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Quantum projects launched to solve universe’s mysteries

last modified Jan 13, 2021 03:02 PM
Researchers will use cutting-edge quantum technologies to transform our understanding of the universe and answer key questions such as the nature of dark matter and black holes.

Just as quantum computing promises to revolutionise traditional computing, technologies such as quantum sensors have the potential to radically change our approach to understanding our universe.

The projects are supported through the Quantum Technologies for Fundamental Physics programme, delivered by the Science and Technology Facilities Council (STFC) and the Engineering and Physical Sciences Research Council (EPSRC) as part of UKRI’s Strategic Priorities Fund. The programme is part of the National Quantum Technologies Programme.

AION: A UK Atom Interferometer Observatory and Network has been awarded £7.2 million in funding and will be led by Imperial College London. The project will develop and use technology based on quantum interference between atoms to detect ultra-light dark matter and sources of gravitational waves, such as collisions between massive black holes far away in the universe and violent processes in the very early universe. The team will design a 10m atom interferometer, preparing the construction of the instrument in Oxford and paving the way for larger-scale future experiments to be located in the UK. Members of the AION consortium will also contribute to MAGIS, a partner experiment in the US.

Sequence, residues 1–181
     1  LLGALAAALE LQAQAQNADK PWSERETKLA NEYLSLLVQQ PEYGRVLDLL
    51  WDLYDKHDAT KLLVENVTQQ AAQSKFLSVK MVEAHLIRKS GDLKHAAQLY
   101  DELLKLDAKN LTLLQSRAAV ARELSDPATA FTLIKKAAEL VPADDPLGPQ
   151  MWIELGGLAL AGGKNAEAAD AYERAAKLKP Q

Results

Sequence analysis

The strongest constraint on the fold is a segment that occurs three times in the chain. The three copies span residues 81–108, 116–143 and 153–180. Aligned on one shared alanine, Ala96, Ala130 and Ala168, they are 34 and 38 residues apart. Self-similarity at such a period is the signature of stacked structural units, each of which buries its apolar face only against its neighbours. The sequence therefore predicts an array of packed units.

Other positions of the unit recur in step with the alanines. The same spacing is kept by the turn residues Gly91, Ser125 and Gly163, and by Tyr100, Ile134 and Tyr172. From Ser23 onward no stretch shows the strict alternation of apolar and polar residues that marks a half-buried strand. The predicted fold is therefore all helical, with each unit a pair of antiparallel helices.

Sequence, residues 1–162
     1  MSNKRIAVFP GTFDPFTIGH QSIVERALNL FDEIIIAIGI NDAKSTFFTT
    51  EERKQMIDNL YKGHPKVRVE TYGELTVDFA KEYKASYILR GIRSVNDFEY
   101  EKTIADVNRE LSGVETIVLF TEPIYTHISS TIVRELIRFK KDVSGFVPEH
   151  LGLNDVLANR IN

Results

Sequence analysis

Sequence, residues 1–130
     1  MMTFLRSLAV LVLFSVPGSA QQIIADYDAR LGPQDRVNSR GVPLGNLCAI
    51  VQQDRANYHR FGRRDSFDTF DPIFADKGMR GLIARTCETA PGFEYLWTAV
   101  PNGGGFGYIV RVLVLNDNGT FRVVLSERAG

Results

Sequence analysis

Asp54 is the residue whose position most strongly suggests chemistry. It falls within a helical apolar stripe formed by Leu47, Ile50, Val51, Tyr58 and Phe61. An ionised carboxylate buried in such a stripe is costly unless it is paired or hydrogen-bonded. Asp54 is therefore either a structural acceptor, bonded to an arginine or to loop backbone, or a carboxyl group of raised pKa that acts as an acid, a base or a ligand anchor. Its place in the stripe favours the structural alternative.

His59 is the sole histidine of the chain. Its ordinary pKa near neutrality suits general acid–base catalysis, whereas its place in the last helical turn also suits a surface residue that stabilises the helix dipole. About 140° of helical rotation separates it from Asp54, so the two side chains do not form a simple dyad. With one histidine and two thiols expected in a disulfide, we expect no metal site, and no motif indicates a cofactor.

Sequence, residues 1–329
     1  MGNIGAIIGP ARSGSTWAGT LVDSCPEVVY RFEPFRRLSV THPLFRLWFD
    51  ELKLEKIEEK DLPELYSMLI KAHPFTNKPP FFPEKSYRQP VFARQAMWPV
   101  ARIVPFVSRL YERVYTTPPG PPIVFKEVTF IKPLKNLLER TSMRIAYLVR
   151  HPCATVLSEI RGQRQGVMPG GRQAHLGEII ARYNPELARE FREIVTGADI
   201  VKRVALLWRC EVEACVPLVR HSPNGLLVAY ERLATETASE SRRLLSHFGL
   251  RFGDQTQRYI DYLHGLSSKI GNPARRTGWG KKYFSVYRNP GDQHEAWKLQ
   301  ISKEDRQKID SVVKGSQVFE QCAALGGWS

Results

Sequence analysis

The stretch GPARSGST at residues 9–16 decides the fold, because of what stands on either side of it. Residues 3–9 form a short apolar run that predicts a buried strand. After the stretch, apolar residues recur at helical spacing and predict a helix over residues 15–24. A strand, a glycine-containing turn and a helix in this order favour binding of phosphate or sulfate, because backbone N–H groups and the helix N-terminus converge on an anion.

The Cambridge team on AION is led by Professor Valerie Gibson and Dr Ulrich Schneider from the Cavendish Laboratory, alongside researchers from the Kavli Institute for Cosmology, the Institute of Astronomy and the Department of Applied Mathematics and Theoretical Physics. Dr Tiffany Harte will co-lead the development of the cold atom transport and final cooling sequences for AION, and Dr Jeremy Mitchell will co-lead the data readout and network capabilities for AION and MAGIS, and undertake data analysis and theoretical interpretation.

“This announcement from STFC to fund the AION project, which alongside some seed funding from the Kavli Foundation, will allow us to target key open questions in fundamental physics and bring new interdisciplinary research to the University for the foreseeable future,” said Gibson.

“Every physical effect, known or unknown, leaves its fingerprint on the phase evolution of a coherent quantum system such as cold atoms; it only requires sufficiently sensitive detectors,” said Schneider. “We are excited to contribute our cold-atom technology to this interdisciplinary endeavour and to develop atom interferometry into a powerful detector for fundamental physics.”

Read the full press release here.